3. Consolidation of the security stack
No one will be surprised if we say cybersecurity is complicated, right? Multiple consoles, constant switches between contexts, manual correlations, and other operational inefficiencies increasingly demotivate security teams. Meanwhile, business leaders get even more dissatisfied with the security outcomes amid the evolving threatscape.
It’s also no surprise that according to Gartner, 75% of organizations are looking to consolidate their security tools and vendors. That, in turn, has recently provoked a wave of mergers and acquisitions as cybersecurity companies thrive to offer comprehensive platforms.
The latter is the preferred CISOs’ option for obvious reasons. Instead of trying to connect myriad tools that may/may not communicate with each other, they merely delegate that to a platform provider who has handled all the hard work with integrations.
Source: UnderDefense MAXI platform
Sounds like a perfect option, doesn’t it? Unfortunately, there’s a catch. While UnderDefense MAXI leverages your current stack, most providers have lists of required software vendors. So, to start using their platforms, you will need to adjust your security stack, leading to additional expenses, complexities, and delays.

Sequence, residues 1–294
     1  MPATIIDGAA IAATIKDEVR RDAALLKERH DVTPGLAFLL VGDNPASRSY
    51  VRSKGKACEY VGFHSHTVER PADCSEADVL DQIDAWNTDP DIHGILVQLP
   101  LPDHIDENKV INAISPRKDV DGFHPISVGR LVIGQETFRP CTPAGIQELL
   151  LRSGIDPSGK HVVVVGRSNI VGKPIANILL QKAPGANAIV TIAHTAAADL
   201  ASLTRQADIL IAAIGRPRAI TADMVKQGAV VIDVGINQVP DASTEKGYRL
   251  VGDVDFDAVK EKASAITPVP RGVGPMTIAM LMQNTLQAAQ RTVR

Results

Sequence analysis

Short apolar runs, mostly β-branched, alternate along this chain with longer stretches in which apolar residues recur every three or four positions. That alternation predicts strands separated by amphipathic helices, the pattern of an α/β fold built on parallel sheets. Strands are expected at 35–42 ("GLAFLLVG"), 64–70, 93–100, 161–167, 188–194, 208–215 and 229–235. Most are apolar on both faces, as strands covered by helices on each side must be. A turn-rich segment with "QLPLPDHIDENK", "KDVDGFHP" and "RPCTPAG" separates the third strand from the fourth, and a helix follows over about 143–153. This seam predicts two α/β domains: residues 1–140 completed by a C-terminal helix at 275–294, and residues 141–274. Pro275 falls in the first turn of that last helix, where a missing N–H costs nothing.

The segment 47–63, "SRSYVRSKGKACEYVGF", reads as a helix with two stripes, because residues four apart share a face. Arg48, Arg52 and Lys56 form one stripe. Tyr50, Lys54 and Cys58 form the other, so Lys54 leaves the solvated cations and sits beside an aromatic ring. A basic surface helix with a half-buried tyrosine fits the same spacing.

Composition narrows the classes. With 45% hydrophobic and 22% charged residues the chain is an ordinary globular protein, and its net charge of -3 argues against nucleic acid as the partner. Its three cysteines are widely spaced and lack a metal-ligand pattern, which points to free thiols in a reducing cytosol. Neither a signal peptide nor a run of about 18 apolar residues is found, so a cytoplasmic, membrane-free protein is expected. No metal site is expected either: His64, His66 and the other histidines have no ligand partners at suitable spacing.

Not all security executives and organizations can afford that, especially considering the ongoing wars, risks, and dynamics. We feel your pain. That was one of the main reasons we’ve created a turnkey MDR solution that integrates into existing stacks, improving security visibility, reporting, and in-house team productivity. In this case, UnderDefense, as a provider, adjusts to your toolset and enhances its efficacy, not vice versa.
However, if you still tend towards other consolidation variants, pay attention to supported tools and environments to not open Pandora’s box with a wrong decision.
4. 24/7 monitoring, backed by people
Finally, it’s time to tell hard truths. Protecting your organization against modern ransomware, social engineering, and other sophisticated attacks requires a multi-layered defense strategy, and 24/7 security monitoring should be at its core.
Round-the-clock monitoring works well only if it relies on both technology and people. Tech solutions are essential now but not enough on their own. Our case with one of the clients, when we detected and responded to the incident two days faster than CrowdStrike OverWatch, is the best proof here.